Business decision: Helps to plan future expansion or resources for a new project. For example, this payroll data can help executives identify the most cost-effective region in which to recruit a new team.

  • Compensation data—Relates to anonymous benchmark data for bonus and commission plans, showing what is being paid out to staff in certain job roles in specific countries. This provides a more accurate comparison than, say, a local salary survey as to what it might cost to acquire the necessary level of talent.

Business decision: Supports talent recruitment and retention decisions. You’ll be able to answer questions such as, “In our highly competitive market, is our compensation package strong enough to attract and retain the best people for this key role?” It can also help with standardizing bonus schemes, as well as succession planning.

  • Overtime costs and trends—Reveals whether you could be paying a premium through overtime in a certain region. Comparative analysis from global payroll data will help pinpoint countries with excessive overtime, which is a metric often absent from many strategic workforce dashboards.

Business decision: Improves workforce planning. If you are made aware of certain countries with high overtime costs, you can quickly take action to remedy the situation.

  • Labor trends—Provides comparative data on the average length of employment — statistics that illustrate the time people typically stay in certain job roles in a given region or country. This data can be filtered to show length of service by age or gender.

Business decision: Supports succession planning. Based on demographic data, you’ll be able to predict how long certain people are likely to stay in their jobs, as well as potentially understand why people leave. So you’ll be able to find ways to change the dynamic and keep key people for longer.

  • Flight-risk assessment—Similar to the previous example, can also be used to predict the potential flight risk of new hires based on their profile. This insight could be part of a set of criteria used to evaluate the profiles of different candidates for a particular role.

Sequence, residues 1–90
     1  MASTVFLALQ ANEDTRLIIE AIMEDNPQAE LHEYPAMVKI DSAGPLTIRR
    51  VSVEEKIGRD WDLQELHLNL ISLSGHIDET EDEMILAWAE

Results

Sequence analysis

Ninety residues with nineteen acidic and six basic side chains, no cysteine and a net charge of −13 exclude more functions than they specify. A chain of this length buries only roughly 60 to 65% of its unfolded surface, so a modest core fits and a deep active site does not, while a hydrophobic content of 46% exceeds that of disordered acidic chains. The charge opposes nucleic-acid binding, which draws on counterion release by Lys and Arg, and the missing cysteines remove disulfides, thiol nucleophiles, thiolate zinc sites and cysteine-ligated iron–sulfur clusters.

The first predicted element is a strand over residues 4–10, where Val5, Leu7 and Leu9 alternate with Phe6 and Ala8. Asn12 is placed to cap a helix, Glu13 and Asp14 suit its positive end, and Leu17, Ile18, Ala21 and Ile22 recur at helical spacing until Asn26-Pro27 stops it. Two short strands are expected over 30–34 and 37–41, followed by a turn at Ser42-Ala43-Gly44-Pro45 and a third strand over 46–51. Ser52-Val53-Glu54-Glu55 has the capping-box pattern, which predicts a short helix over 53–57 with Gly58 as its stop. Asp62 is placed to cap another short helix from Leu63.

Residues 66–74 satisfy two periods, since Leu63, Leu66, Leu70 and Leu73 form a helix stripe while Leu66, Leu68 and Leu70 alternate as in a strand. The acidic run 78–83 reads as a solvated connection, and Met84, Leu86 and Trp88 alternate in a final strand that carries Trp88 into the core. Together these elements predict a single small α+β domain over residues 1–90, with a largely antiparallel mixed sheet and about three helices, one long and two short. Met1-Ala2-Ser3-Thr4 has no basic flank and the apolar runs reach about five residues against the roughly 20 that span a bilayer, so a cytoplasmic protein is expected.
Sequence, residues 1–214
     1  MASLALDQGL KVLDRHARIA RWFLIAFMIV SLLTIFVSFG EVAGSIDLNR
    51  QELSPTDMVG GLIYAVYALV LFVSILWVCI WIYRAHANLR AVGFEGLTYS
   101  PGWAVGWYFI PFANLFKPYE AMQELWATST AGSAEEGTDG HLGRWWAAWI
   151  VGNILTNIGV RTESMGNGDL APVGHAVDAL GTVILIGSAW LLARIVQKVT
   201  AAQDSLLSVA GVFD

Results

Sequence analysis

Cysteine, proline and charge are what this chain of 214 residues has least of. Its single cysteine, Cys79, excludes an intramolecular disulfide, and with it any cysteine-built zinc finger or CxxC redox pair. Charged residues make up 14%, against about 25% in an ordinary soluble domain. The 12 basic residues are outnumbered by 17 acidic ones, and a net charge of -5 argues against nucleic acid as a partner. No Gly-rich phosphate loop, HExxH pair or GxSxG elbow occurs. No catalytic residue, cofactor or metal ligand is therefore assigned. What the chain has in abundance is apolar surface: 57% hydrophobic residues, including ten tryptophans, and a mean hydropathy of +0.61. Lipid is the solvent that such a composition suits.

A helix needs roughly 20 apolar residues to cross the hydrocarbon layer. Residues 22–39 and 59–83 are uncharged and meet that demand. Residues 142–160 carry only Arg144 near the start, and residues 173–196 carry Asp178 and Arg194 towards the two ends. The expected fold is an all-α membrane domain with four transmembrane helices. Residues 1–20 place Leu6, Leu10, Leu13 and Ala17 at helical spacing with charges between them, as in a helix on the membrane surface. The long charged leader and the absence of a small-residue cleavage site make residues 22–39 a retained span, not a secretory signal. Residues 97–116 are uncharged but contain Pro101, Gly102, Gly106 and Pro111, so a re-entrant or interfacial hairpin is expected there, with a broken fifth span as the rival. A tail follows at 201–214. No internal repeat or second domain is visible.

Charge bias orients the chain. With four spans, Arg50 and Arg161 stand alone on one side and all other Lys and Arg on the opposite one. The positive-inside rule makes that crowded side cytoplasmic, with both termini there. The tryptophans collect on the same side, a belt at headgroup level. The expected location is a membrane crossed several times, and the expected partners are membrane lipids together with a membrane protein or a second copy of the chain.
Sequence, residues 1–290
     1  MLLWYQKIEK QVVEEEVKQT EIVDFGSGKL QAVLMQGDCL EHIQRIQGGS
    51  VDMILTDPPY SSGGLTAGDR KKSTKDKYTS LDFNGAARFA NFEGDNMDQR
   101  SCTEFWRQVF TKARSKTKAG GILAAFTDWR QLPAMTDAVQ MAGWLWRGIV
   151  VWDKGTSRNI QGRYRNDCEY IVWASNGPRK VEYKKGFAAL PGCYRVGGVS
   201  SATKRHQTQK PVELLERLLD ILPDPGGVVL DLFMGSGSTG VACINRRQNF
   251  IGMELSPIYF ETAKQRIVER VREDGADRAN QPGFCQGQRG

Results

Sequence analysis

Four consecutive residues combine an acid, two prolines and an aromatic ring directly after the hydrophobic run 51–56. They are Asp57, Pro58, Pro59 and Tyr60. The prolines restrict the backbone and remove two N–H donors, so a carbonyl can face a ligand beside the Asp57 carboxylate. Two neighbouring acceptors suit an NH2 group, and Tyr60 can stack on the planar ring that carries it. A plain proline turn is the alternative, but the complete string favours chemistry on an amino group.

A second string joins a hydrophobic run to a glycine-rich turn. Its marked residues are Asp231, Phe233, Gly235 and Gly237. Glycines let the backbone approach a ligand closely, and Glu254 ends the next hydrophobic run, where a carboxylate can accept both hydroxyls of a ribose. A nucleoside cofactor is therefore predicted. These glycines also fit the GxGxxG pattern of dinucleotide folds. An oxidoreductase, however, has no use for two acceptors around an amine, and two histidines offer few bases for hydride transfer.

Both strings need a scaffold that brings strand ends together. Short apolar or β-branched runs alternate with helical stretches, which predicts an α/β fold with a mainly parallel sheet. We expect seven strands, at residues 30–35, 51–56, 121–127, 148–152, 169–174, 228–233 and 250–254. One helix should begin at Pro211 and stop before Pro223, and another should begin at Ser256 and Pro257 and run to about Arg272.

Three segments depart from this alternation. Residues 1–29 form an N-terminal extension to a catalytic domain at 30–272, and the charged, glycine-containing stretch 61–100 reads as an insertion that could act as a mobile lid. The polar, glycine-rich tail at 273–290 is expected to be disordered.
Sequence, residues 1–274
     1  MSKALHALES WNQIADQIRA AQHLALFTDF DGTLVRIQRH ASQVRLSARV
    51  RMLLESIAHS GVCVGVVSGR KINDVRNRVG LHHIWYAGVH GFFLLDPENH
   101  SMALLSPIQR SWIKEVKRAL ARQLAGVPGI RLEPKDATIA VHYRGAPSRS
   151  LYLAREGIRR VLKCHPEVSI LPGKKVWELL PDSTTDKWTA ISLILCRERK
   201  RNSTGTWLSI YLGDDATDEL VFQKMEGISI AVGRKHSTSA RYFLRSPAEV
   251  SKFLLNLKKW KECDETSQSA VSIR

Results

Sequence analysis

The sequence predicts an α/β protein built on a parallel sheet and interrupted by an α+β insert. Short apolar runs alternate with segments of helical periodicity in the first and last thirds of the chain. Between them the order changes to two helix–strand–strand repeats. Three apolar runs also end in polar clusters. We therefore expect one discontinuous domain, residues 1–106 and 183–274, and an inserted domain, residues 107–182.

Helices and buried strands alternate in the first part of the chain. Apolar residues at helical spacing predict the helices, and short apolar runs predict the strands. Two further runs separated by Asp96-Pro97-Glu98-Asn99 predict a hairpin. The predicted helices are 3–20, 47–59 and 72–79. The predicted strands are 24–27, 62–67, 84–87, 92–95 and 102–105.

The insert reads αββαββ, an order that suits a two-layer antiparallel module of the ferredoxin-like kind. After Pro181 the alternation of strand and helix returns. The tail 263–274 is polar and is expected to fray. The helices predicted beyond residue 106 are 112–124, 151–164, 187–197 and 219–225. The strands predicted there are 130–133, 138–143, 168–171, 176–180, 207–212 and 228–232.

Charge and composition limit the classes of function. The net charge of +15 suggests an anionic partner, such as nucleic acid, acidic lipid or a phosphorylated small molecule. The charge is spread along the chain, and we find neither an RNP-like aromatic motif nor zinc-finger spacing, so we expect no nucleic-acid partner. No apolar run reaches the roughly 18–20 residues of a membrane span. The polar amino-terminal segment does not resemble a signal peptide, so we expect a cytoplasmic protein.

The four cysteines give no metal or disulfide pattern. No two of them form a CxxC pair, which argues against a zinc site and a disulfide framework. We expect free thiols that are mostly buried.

Business decision: Improves decisions on hiring, as well as the development of staff. Your business will be able to make more informed decisions to reduce the number of bad hires, identify high-turnover roles, and reduce the risk of someone in a critical role leaving unexpectedly.

Getting the Basics of Benchmarking Right

The global payroll benchmark data drawn from real-time analytics can provide invaluable business insights, with these five potential use cases just a starting point for better workforce planning and talent management, as well as overall payroll processing and performance.

However, as payroll management information becomes a key part of the strategic toolset, strengthening the foundations for business decisions, benchmarking analysis must be done constructively to ensure its benefit. With a wealth of data instantly available and powerful analytical tools at your fingertips, it can be tempting to create a myriad of different metrics. More importantly, benchmarking data is open to interpretation, so if robust principles aren’t followed, you could find yourself basing decisions on misunderstood information. 

A disciplined approach is therefore required to ensure information is interpreted properly in the benchmarking process. This means assessing comprehensive payroll data on a strictly like-for-like basis, while being clear about the precise definitions of your benchmarking metrics.

The volume of data is also a key consideration. Small sample sizes shouldn’t be dismissed, but it’s important to apportion the integrity of the findings appropriately. Don’t base an entire strategy around a limited dataset. At the same time, be wary of filling the gaps with survey results, which can often be misleading.

Successful adoption of strategic payroll technology also requires you to integrate your benchmarking metrics with a balanced scorecard to ensure they support your company’s overall business goals and HR strategy. This typically means a smaller number of key metrics routinely evaluated to provide precise insights, whether per pay cycle, quarterly, or at year end. Done right, global payroll analytics and benchmarking have enormous potential to significantly benefit the companies who use it to their advantage.